That year Nixon created the Environmental Protection Agency and went on to sign the Clean Water Act and Clean Air Act with broad bipartisan support.

The Department of Health and Human Services is stepping back from a plan to end support on Friday for community-based coronavirus testing sites around the country.

Instead, the agency says local authorities can choose whether they want to transition to running the programs themselves or continue with federal oversight and help.

Updated at 3:30 p.m. ET

Some local officials are disappointed the federal government will end funding for coronavirus testing sites this Friday. In a few places those sites will close as a result. This as criticism continues that not enough testing is available.

In the Philadelphia suburbs, Montgomery County has a drive-through site that has tested 250 people a day since March 21.

Updated at 1:40 E.T.

In one of his most sweeping environmental proposals so far, President Trump says he wants to streamline an "outrageously slow and burdensome federal approval process" that can delay major infrastructure projects for years.

Supporters from the fossil fuel, construction, ranching and other industries welcome the move, which they've long sought. Environmental groups warn it would sideline the climate impacts of highways, pipelines and other projects, and they promise a legal challenge.

Updated at 6:30 p.m. ET

Secretary of Energy Rick Perry plans to leave his position at the end of the year, President Trump confirmed to reporters Thursday in Fort Worth, Texas. Trump praised Perry and said he already has a replacement in mind.

"Rick has done a fantastic job," Trump said. "But it was time."

Trump said that Perry's resignation didn't come as a surprise and that he has considered leaving for six months because "he's got some very big plans."

40 years after the nation's worst commercial nuclear accident, the remaining reactor still operating at Three Mile Island in South-central Pennsylvania is closing.

Exelon announced Wednesday that Three Mile Island Generating Station Unit 1 will shut down by September 30th.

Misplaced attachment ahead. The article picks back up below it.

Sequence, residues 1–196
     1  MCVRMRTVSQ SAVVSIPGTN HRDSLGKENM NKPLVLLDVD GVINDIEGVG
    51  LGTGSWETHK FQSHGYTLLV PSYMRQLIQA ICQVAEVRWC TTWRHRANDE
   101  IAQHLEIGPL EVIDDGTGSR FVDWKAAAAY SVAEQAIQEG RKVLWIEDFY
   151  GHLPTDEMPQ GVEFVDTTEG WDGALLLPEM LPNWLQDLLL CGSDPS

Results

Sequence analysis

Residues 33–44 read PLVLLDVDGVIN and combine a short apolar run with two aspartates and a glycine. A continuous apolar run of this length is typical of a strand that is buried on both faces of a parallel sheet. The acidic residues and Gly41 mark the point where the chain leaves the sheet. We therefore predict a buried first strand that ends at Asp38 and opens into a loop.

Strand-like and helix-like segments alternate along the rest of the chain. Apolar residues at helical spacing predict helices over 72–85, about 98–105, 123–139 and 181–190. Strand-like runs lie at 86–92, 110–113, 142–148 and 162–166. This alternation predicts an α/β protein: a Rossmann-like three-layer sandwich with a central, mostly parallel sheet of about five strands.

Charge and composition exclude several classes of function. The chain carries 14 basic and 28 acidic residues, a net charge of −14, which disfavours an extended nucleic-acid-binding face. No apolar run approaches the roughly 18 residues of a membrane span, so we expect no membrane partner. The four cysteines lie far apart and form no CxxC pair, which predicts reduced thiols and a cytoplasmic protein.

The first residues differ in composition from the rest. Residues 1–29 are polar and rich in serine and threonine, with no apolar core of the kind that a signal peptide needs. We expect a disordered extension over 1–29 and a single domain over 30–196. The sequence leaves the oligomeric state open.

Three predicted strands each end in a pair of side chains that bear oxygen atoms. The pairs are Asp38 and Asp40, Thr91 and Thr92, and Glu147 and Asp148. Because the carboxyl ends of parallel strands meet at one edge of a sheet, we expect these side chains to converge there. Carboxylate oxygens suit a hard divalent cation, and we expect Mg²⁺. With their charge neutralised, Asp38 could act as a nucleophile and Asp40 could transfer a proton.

Congress is once again debating how to dispose of the country's growing inventory of nuclear waste. Sen. John Barrasso, R-Wyo., is proposing legislation that would jump-start licensing hearings for the Yucca Mountain nuclear waste storage site in Nevada.

If it's been a few years since you shopped for a lightbulb, you might find yourself confused. Those controversial curly-cue ones that were cutting edge not that long ago? Gone. (Or harder to find.) Thanks to a 2007 law signed by President George W. Bush, shelves these days are largely stocked with LED bulbs that look more like the traditional pear-shaped incandescent version but use just one-fifth the energy.

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ARI SHAPIRO, HOST:

Around the world, students skipped school today to call for more action to address climate change.

(SOUNDBITE OF ARCHIVED RECORDING)

UNIDENTIFIED STUDENTS: (Chanting in German).

The U.S. Environmental Protection Agency says it will begin the process this year of setting limits on two man-made chemicals that are linked to cancer and other illnesses, and are found widely in drinking water and soil.

The agency's long-awaited plan — promised last year by former administrator Scott Pruitt — addresses chemicals that are part of a group known as PFAS, for Per- and Polyfluoroalkyl Substances.

For a nonbinding resolution with an uncertain future, the Green New Deal is getting a lot of attention, along with a decidedly mixed reaction.

Dozens of Democrats on Thursday introduced the measure, an ambitious framework for future legislation designed to eliminate the U.S. carbon footprint by 2030.

At a major climate meeting in Poland, nearly 200 countries are trying to reach a deal on dramatically reducing carbon emissions. But a recent U.N. report found that may not be enough to avoid dangerous impacts from the warming climate. In fact, the world is falling so far short of what's needed, it said, that it might be necessary to pull massive amounts of carbon dioxide out of the air.